By: Casey Curran
At some point, everyone has either played Breakout or a game imitating it. Copycats are everywhere, usually at a budget price, which combined with the simple fun of the game makes these great to pick up and play. BreakQuest: Extra Evolution brings the tried and true formula of breaking bricks onto the Vita, though in a riskier manner. While I’d love to say this pays off, I would not recommend this take on the concept.
BreakQuest’s biggest issue is that it feels cheap. There is no weight to either the ball or the paddle, which takes all the satisfaction from ricocheting the ball to the bricks. The sound effects are nonexistent in this as well, further hurting the core presentation. While the game does have other issues as well as a few positives, when the central mechanic is this poorly done there is nothing that can save the game.
The paddle itself is also a lot more inconsistent than usual ones. Rather than the typical straight line, it gives a curved arc to bounce the ball up. This arc makes it very hard to tell where the ball will go based on the ball’s angle and the position of the paddle. This alone is bad, but beyond that the physics are also inconsistent. I would have a ball bounce right back at me at the same angle and hit the same spot without moving the paddle, yet it would bounce in a completely different direction. This made it so that the game turned into merely hitting the ball with no strategy as to trying to bounce it in the right spot.
The arenas are hit or miss. They all go for something different, such as one where the blocks imitate Space Invaders aliens. When it is at its best, BreakQuest offers some fresh ideas for a Breakout clone. Yet there are some that do not successfully offer something different, especially when it really spreads out the blocks — and unfortunately there are more duds than well-made levels in the game. I would also recommend against the unlimited balls pack as during my experience with them it sucked out any sense of challenge, which made the game significantly less fun.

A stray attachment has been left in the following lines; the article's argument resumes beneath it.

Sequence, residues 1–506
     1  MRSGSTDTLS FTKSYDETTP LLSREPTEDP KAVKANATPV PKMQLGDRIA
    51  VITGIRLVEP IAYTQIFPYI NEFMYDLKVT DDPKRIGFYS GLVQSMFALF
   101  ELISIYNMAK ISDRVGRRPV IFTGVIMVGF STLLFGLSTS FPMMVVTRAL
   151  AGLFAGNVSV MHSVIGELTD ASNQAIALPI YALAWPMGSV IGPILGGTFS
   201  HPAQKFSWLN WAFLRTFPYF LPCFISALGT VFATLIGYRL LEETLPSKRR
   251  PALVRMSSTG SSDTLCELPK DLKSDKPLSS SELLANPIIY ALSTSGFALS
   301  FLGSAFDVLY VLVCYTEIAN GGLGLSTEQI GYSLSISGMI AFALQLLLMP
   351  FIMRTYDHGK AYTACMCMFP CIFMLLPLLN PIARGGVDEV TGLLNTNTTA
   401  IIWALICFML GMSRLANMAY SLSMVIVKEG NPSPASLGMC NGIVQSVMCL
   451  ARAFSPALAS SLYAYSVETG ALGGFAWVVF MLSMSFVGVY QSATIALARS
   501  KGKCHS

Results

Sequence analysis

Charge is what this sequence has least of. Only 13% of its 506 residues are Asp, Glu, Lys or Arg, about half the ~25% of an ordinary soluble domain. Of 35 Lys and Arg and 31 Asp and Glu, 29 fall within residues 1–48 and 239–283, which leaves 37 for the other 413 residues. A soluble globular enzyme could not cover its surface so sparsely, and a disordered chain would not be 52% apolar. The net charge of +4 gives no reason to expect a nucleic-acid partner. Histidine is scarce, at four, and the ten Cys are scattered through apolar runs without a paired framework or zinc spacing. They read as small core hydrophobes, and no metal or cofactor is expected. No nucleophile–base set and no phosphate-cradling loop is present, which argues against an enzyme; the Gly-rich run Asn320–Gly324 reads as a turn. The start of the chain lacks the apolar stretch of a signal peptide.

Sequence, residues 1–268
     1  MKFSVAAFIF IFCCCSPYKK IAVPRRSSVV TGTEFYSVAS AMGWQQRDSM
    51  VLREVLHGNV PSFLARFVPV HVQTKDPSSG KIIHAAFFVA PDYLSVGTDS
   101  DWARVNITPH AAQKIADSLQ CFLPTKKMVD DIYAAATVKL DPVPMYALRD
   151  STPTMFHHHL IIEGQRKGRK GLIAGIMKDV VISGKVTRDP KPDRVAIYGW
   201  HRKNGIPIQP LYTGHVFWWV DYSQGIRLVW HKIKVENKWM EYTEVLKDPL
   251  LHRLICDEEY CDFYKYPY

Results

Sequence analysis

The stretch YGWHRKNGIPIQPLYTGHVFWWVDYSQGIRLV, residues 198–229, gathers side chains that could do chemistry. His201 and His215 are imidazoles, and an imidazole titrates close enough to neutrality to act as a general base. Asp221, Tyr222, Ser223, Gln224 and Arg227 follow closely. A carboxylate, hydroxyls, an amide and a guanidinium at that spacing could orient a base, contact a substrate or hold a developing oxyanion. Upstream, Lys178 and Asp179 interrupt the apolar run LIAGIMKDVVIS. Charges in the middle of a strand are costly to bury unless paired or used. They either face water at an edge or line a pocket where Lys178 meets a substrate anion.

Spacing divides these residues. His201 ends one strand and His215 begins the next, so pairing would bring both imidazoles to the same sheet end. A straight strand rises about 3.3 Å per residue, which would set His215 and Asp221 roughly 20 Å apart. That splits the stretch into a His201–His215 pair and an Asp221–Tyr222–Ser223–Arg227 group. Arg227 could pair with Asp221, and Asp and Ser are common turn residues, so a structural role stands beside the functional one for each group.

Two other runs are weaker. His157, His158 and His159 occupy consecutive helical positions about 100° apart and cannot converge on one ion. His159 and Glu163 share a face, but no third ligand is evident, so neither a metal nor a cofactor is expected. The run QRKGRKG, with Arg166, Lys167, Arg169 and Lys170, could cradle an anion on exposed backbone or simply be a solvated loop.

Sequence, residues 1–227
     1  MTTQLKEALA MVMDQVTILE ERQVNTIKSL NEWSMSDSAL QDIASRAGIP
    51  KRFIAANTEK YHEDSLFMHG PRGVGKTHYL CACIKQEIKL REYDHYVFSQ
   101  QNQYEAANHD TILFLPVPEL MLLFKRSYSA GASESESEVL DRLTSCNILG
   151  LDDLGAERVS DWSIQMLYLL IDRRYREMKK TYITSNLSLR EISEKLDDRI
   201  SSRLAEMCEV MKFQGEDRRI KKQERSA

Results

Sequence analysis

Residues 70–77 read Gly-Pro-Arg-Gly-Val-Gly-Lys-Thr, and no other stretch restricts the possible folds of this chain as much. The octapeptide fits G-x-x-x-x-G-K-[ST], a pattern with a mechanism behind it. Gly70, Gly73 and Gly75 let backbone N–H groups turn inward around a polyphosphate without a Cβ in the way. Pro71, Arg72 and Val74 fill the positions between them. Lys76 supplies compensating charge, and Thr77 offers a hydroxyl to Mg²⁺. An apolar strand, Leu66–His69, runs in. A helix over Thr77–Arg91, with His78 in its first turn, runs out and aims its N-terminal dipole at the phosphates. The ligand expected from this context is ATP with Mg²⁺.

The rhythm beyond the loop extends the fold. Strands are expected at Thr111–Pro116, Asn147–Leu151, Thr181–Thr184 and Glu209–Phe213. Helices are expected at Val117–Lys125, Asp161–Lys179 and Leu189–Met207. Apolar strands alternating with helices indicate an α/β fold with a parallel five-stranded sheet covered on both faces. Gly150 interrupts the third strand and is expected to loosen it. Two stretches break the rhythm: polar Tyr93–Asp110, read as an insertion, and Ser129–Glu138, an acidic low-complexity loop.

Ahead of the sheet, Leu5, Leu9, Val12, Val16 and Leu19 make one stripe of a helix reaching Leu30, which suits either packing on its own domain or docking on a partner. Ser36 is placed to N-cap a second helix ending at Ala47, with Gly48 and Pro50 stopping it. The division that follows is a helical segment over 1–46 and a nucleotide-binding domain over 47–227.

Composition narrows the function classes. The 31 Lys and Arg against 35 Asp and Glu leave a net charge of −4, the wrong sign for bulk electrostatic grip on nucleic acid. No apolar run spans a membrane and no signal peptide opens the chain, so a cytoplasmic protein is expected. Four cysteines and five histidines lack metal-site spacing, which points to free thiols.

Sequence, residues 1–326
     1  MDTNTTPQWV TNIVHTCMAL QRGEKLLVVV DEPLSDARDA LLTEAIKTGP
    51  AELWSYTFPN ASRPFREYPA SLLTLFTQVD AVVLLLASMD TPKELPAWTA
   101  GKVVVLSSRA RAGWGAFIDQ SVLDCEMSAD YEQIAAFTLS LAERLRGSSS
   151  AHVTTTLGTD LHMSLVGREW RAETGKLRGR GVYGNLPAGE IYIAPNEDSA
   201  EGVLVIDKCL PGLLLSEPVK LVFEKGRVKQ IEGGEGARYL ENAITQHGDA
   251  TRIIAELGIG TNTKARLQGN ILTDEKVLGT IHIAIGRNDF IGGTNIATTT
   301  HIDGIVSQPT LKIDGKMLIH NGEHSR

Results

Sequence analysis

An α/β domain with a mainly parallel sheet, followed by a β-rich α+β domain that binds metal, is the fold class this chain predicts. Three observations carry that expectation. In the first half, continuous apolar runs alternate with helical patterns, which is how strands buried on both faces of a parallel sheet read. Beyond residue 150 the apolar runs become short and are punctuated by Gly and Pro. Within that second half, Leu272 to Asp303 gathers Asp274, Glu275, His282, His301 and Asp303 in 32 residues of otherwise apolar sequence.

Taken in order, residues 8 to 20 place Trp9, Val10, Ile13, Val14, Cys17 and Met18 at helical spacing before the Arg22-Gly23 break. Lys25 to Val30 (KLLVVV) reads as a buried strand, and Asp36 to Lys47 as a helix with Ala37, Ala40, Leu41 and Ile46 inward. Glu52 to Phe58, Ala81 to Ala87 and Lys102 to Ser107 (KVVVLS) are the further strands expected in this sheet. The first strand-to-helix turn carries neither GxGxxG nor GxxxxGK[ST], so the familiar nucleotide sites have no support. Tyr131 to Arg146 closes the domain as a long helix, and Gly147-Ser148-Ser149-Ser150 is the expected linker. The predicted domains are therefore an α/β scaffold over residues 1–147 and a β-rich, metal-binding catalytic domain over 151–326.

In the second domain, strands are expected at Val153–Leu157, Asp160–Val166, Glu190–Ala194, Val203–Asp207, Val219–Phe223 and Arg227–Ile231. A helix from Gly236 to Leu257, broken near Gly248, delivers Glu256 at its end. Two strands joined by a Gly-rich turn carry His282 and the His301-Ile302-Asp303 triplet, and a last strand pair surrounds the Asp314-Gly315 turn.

Graphically the game employs a variety of different backgrounds that all look unique but feel very static. There is little if any movement in these beyond power ups dropping and balls disappearing. This culminates in a game that initially impresses visually, and then immediately bores afterwards.
BreakQuest: Extra Evolution will offer an okay distraction for a short time, but it quickly leads to boredom. The few fun levels are not worth putting up with the bland ones nor the unsatisfying mechanics to get what little enjoyment they have to offer. It feels like an unfinished game, albeit one where I could see how it could be made into something decent.